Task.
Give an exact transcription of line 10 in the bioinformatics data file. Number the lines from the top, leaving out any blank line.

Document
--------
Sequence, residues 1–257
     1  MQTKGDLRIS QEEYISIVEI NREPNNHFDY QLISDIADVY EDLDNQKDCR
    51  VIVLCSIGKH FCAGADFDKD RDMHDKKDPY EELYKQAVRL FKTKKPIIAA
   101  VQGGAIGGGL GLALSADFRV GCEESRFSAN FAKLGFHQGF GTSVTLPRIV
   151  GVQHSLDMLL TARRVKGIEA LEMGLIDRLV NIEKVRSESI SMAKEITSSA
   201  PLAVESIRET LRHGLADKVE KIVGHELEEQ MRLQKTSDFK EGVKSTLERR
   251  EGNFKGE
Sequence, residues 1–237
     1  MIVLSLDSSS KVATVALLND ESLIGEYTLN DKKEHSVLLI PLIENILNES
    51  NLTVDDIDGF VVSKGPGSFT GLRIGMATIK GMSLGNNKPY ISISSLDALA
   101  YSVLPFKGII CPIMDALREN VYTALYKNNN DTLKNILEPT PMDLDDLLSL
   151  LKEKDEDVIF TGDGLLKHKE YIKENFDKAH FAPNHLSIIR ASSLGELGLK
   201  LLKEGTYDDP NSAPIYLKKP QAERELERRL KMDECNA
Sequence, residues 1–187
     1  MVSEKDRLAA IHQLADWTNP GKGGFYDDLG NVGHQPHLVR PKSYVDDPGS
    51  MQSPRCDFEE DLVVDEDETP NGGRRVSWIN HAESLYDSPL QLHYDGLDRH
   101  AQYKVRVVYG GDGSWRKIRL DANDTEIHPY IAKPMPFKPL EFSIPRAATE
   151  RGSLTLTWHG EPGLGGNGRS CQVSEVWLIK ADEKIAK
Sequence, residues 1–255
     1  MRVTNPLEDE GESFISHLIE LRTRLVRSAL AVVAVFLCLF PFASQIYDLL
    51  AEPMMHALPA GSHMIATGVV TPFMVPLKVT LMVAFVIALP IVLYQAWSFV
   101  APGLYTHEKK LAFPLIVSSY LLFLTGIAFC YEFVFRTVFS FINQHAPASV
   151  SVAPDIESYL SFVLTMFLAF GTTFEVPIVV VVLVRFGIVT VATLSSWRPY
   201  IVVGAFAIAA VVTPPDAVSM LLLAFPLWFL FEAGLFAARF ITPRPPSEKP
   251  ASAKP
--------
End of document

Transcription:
    51  NLTVDDIDGF VVSKGPGSFT GLRIGMATIK GMSLGNNKPY ISISSLDALA